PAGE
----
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You got some of your film in my video game

8:00 PM on 04.20.2011 // Andy Astruc

[To cutscene or not to cutscene? That is the question posed by Zwuh; not so much posed as answered vehemently. Want to see your own writing on the front page? Write something awesome and put it in the C Blogs. -- Kauza]

Welcome to your beautiful morning. The sun is chirping, the birds are shining and your pockets are filled with party money. You’re going to get a damn ice cream and you’re going to enjoy it. Expertly placing one foot in front of the other, you make your way down the street to the corner shop. The door opens with very little effort and you step towards the counter. 

Then it happens. Your eyes are plucked out of their sockets and placed on a nearby shelf. While you stare from your distant perch, the shopkeeper starts selling a delicious treat to your limp body. Two men in blue jumpsuits swoop in and begin puppeting your husk through the motions of modern capitalism. You watch on as the hollow buys an ice cream and makes small talk about football. You don’t even like sport. Transaction complete, your eyes are thrust back inside your head and you black out, waking up outside the store with an ice cream in your hand.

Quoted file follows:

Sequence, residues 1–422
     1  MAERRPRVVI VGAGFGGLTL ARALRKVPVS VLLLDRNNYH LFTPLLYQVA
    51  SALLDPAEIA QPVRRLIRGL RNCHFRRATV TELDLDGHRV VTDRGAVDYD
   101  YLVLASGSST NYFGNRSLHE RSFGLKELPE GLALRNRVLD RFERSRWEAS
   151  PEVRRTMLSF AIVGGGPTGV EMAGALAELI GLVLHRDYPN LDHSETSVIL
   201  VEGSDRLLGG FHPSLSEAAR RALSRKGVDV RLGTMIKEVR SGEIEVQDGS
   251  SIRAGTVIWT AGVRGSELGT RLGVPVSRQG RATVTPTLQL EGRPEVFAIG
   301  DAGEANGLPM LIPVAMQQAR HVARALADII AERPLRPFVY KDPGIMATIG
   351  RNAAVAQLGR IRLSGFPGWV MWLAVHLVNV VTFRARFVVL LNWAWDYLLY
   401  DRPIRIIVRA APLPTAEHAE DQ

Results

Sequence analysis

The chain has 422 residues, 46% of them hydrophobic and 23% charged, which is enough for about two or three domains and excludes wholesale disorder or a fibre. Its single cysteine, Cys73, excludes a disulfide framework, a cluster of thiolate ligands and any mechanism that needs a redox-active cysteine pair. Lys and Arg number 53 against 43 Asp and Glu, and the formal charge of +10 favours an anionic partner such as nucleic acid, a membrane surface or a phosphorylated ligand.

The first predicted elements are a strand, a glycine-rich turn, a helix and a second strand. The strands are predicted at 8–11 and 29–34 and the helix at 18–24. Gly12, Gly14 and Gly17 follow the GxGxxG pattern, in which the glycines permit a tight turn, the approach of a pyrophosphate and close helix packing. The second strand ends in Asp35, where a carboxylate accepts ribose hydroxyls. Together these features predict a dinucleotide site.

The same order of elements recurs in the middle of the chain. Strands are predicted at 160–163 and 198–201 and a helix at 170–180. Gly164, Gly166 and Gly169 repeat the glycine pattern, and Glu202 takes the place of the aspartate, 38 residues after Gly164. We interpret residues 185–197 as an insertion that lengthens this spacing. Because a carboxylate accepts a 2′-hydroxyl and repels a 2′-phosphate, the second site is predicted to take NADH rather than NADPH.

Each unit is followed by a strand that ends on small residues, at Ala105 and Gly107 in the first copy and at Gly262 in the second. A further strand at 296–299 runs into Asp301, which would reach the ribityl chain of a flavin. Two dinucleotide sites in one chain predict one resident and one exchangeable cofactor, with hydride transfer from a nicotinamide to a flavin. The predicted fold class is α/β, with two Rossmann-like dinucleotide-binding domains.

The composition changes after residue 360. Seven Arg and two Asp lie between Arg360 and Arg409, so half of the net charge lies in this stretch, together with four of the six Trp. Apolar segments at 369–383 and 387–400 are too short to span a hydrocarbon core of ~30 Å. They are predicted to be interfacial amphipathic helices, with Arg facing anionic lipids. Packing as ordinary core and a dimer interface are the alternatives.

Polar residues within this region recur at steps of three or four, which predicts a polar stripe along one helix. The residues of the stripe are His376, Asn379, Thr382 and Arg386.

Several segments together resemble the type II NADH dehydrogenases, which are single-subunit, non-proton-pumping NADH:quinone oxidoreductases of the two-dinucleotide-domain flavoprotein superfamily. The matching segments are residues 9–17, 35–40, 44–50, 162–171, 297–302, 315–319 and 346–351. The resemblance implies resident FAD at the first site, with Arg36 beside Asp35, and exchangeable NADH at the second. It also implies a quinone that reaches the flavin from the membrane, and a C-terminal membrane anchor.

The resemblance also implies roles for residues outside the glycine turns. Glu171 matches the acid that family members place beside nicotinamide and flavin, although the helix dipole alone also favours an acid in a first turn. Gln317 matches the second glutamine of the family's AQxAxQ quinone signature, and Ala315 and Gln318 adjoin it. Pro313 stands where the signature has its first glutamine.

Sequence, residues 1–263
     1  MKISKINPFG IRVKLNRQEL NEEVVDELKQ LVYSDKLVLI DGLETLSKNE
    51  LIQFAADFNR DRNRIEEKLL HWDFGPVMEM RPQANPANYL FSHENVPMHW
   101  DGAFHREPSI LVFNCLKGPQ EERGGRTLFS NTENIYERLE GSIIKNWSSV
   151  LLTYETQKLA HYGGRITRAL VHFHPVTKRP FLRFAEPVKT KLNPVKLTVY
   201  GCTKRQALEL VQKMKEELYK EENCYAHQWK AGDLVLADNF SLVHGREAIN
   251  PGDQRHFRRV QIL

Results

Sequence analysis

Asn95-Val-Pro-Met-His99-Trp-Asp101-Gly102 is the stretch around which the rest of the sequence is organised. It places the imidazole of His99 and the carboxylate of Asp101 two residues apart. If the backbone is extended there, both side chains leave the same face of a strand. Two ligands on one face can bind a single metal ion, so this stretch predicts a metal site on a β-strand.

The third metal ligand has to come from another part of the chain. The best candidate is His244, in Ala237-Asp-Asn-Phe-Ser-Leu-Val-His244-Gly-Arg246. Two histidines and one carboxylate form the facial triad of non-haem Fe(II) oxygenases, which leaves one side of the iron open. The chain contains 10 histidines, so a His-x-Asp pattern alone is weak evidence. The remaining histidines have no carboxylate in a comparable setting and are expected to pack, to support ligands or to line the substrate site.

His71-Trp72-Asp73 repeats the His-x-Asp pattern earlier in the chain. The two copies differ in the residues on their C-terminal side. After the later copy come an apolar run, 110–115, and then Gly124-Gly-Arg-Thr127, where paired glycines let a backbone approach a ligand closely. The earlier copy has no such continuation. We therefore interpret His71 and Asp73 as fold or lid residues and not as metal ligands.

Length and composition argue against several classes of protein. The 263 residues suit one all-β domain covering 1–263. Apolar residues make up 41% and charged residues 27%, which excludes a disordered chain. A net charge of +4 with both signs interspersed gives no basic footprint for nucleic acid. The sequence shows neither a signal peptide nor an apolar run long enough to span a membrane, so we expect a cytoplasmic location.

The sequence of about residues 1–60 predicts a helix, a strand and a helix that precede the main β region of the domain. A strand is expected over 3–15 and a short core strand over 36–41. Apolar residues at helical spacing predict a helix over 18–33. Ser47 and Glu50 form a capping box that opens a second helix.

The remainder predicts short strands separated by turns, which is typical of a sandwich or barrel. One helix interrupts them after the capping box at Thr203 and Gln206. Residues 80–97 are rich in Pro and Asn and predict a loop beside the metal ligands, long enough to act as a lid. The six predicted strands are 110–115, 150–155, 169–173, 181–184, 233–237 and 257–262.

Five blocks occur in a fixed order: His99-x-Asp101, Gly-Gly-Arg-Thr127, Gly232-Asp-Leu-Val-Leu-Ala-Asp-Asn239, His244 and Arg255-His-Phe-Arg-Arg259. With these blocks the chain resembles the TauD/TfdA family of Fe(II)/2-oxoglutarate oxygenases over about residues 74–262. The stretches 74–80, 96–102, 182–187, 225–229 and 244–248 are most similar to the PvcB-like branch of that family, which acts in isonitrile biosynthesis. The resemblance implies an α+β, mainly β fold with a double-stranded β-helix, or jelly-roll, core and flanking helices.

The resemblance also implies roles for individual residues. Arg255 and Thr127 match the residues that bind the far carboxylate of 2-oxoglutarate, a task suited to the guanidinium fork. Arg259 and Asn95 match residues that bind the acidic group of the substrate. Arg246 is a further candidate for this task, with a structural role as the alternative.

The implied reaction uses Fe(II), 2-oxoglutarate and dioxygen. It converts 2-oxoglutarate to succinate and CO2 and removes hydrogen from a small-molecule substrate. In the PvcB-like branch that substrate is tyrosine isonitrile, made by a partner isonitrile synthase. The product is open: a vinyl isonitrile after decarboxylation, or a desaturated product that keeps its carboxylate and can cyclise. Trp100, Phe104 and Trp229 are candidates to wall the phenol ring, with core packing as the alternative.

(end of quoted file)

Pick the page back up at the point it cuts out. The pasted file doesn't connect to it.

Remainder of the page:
And that’s roughly how cutscenes work.

There are two main schools of thought on the topic. The first is that cutscenes are a horrible abomination which needs to be purged, a lazy storytelling method that’s nothing but video games wishing really, really hard that they were movies. The second position is that cutscenes are a vital method for conveying complex narrative and without them sitting on the couch eating jumbo-size corn chips while stabbing elves would be meaningless.